Nevertheless, it appears that the report could have used a more rigorous methodology. The vast array of surveillance measures considered therein may be too broad to group in one category – wrapping together various tools spanning from IMSI catchers to facial recognition measures, through social engineering and hacking tools. While all these surveillance measures may be utilized in manners inconsistent with human rights standards, each poses a different threat, varying in scope and effect. Some of them are more relevant within the framework of mass surveillance, whereas the main concern of the report appears to be targeted surveillance.

Similarly, the discussion of the “vulnerabilities market” blurs the line between surveillance tools (the “exploits,” which may be subject to an export control regime) and technical know-how (the “vulnerabilities,” which can be developed into executable code). It might have been advisable to further expand on this topic in order to shed light on the major threat to global cybersecurity stemming from unregulated trade of software vulnerabilities (and exploits) – a concern that may be particularly effective in gaining political and public support for the recommendations made in the report.

The hyperconnectivity and proliferation of the internet of things (IoT) paves the way for new methods of deriving intelligence based on what we do rather than on what we say. While adopting a rather wide, phenomenological understanding of digital surveillance, the report – whose focal point remains the freedom of opinion and expression – seems to overlook the threat posed by digital surveillance that collects and processes metadata originating from IoT devices. These devices, which range from medical devices, through autonomous cars and ride-sharing vehicles to smart toys and connected home devices, constantly measure, process, store, and transmit a plethora of data metrics. Such information, when acquired by digital surveillance tools, may have chilling effects that extend beyond the purview of the freedom of expression on to rights pertaining to autonomous human activity as a whole.

The above examples illustrate the complexity of the issue at hand: certain digital surveillance tools may be used interchangeably for both targeted and untargeted surveillance; some intrusive technologies may be utilized not only for intelligence-gathering purposes but also for offensive ones (i.e. used as a weapon), by interfering and disrupting the operation of connected devices; the distinction between the effects of content and metadata surveillance is becoming more and more obsolete, the latter might be posing a greater threat to human freedoms. Rather than bundling “digital surveillance tools.” As a whole, the report could have possibility gained more by providing a more nuanced approach, tailored for the specific adverse effects of each surveillance measure on human rights and cybersecurity interests.

Weapon export and use moratoria have been previously employed as an interim regulatory measure while a convention or a treaty was negotiated and drafted. The same reasoning applies to the report’s urgent call for an immediate suspension of the export and use of digital surveillance tools until the implementation of the core policy recommendations of the document. The report finds that the “mounting evidence that privately developed surveillance tools are being used for manifestly illegitimate purposes” justifies the call for an extreme step such as a moratorium. However, in light of arguments used to promote past weapon export moratoria (which differ in their regional scope, the magnitude and nature of the human rights violations they aimed to curtail, and their political circumstances), highlighting the broader spectrum of human rights violations as well as cybersecurity risks, and threats to data integrity and protection posed by specific types of surveillance tools, may present a more compelling argument for the urgent call for a moratorium.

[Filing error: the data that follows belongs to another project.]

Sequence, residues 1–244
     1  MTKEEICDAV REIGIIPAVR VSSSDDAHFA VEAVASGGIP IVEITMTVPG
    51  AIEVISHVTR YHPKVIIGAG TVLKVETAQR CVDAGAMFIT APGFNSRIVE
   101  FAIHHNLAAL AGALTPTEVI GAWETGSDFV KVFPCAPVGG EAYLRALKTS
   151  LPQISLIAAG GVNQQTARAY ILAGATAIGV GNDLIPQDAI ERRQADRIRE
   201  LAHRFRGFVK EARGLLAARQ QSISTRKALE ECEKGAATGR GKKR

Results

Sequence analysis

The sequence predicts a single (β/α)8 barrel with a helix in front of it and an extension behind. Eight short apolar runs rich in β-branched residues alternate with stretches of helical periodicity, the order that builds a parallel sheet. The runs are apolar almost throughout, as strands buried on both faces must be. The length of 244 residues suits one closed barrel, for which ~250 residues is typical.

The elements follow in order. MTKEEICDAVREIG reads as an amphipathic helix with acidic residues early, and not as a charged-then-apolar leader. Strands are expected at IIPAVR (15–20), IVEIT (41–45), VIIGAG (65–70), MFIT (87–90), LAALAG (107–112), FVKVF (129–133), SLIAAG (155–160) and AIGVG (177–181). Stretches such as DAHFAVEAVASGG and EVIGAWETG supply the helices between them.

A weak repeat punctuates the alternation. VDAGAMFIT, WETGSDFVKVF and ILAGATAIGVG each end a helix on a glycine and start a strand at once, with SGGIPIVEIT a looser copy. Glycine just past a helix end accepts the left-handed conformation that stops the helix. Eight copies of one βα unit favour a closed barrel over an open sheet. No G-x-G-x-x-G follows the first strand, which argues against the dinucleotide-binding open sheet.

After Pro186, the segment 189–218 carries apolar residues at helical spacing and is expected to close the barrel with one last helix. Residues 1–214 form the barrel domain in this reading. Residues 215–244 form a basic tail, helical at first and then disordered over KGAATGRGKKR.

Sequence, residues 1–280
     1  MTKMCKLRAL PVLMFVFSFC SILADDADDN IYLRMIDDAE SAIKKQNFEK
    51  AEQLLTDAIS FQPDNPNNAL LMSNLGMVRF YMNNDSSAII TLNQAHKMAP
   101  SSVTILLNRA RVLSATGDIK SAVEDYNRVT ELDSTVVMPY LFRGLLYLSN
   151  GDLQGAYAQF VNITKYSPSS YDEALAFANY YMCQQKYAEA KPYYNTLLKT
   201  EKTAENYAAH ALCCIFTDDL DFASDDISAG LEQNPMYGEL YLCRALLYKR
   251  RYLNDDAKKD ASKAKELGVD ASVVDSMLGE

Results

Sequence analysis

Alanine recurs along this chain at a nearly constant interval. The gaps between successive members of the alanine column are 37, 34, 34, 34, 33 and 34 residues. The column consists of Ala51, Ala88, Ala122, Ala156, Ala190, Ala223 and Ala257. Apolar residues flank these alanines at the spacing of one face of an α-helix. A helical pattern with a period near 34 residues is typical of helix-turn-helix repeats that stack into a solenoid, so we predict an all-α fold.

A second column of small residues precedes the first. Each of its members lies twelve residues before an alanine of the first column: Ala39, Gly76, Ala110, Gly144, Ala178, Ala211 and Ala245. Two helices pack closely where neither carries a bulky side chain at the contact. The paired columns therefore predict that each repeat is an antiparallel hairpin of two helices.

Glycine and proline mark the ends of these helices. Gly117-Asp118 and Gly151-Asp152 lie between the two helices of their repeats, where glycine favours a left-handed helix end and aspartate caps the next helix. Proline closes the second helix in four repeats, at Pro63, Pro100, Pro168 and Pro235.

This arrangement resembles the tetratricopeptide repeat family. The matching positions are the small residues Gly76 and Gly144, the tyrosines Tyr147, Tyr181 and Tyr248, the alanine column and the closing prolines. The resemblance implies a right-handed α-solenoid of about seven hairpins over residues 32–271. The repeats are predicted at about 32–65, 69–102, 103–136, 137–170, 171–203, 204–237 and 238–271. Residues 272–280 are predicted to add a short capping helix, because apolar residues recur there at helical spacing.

The call for an immediate unilateral suspension of the export and transfer of digital surveillance tools may ephemerally raise public interest in the issue. However, it may also draw attention away from the core policy recommendations offered by the report, which deserve a thorough public discussion.

Regardless of the realization of the weapon export moratorium, governments and private entities alike should address the report’s call to establish human-rights compliant mechanisms for the transfer of digital surveillance technologies, on the state and company level. The comprehensive list of minimal responsibilities the report offers for private surveillance companies should be reviewed, further developed and implemented by both private and government actors. 

Additionally, the report’s recommendation to establish public mechanisms for approval and oversight of surveillance technologies is long overdue. In this context, the report also briefly mentions that policies regarding the stockpiling of software vulnerabilities should also be subject to public oversight mechanisms. These important suggestions should be picked up by policy makers worldwide and expanded upon.